But those outside perceptions have changed dramatically with Hasina’s deft and sympathetic handling of the Rohingya crisis.
“Bangladesh managed the crisis wonderfully by opening its doors to these hapless Rohingyas and it has closely worked with the UN and other governments,” said US Republican Senator Jeff Merkley during a recent press conference in Yangon.
European and Middle Eastern leaders have also showered praise on Hasina and are now strongly backing her efforts to diplomatically push Myanmar to repatriate as many as 600,000 Rohingya Muslims who fled the country since late August.
Growing global pressure finally pushed Myanmar into signing a repatriation agreement with Bangladesh in November, though no time frame has been agreed. Political analysts are now weighing how the repatriation deal may impact on next year’s polls.
“Whatever the anti-incumbency factor back home, Hasina stands tall in the way she has managed the Rohingya crisis,” says Bangladesh watcher Sabyasachi Basu Roy Choudhury. “If she gets the repatriation process going in the next few months, it will add to her stature.”
Others note there is a near consensus among Asian powers that Hasina and Myanmar leader Aung San Suu Kyi are now crucial to regional stability, both in South and Southeast Asia. Many fear a military coup in Myanmar or BNP win in Bangladesh could inflame the situation again.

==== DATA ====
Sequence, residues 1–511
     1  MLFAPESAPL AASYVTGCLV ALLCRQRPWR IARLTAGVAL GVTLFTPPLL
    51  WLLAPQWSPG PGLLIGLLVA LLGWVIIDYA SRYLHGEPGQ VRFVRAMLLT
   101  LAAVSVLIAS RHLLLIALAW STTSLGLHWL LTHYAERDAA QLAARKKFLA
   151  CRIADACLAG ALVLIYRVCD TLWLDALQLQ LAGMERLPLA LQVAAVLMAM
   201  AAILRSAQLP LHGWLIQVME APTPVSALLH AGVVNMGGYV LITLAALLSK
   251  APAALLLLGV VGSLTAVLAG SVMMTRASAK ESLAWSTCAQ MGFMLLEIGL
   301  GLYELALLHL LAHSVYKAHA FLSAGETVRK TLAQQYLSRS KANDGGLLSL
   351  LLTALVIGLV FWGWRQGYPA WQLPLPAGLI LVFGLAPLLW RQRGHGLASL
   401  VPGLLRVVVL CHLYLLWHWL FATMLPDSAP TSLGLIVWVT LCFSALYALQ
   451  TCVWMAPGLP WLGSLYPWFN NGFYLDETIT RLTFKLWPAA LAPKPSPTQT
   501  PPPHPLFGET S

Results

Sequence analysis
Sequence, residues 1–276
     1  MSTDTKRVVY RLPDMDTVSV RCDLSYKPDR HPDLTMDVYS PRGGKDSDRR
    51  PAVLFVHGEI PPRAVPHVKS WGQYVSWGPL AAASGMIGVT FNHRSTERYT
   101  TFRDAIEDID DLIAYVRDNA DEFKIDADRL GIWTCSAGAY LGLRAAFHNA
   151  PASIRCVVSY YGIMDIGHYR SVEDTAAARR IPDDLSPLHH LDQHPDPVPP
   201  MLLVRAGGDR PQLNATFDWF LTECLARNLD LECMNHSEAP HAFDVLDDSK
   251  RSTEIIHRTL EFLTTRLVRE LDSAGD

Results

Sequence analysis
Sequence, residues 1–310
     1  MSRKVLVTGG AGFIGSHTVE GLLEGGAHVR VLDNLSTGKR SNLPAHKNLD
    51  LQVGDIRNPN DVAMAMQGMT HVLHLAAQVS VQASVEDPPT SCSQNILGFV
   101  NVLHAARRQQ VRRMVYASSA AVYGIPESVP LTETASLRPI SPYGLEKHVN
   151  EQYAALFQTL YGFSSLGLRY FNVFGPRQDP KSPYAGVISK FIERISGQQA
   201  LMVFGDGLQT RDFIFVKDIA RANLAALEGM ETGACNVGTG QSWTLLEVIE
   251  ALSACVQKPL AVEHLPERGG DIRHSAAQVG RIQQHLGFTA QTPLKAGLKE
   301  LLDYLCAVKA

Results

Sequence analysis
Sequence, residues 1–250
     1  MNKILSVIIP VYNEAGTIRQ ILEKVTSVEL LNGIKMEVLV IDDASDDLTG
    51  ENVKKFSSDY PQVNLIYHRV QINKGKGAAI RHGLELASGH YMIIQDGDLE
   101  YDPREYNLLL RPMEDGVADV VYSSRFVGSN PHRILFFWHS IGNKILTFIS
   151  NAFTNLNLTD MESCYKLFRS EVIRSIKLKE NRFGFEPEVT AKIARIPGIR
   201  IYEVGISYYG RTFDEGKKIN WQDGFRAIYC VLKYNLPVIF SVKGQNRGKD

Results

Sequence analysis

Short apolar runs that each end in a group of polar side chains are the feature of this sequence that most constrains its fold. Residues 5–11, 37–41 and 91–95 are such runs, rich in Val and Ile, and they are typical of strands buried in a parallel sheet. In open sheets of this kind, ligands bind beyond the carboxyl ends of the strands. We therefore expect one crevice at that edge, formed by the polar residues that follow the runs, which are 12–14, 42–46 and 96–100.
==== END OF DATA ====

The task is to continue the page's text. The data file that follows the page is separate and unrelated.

“China, India, Japan and the Asean countries all seem to agree that solving the Rohingya crisis is a must for regional stability and both Hasina and Suu Kyi are crucial to make that happen,” said Arindam Mukherjee of the Calcutta-based Institute of Social and Cultural Studies (ISCS), a think tank.
“The region has developed a stake in seeing these two regimes survive. We don’t want Rakhine to be another Afghanistan,” said Rajinder Khanna, former chief of India’s external intelligence, speaking at an ISCS seminar held recently in Yangon.
Awami League members allege that is precisely why Zia and her BNP allegedly plan to launch disruptive street campaigns in the rundown to the polls.
Awami League general secretary Obaidul Quader has even alleged that Zia has conspired with Pakistani intelligence in London to create instability in Myanmar’s Rakhine state by supporting Rohingya insurgents. ”The plan is to create a crisis she and the Pakistanis think we cannot handle,” claimed Quader.
Zia could not be reached for comment on the allegation. “They are trying to start a violent campaign in the country,” said Awami League youth leader Ajay Sarkar. “We are ready to fight them out in the streets and wherever else we are challenged,” he told Asia Times.
The BNP, on the other hand, feels a strong popular movement can bring down the Awami League government even before the next election.
“If the police are neutral for two days, we can bring down this government, the people are with us,” said senior BNP leader Ruhul Kabir Rizvi at a recent press conference. “[And] if there is a fair election, they won’t get 30 seats in the 300-member parliament.”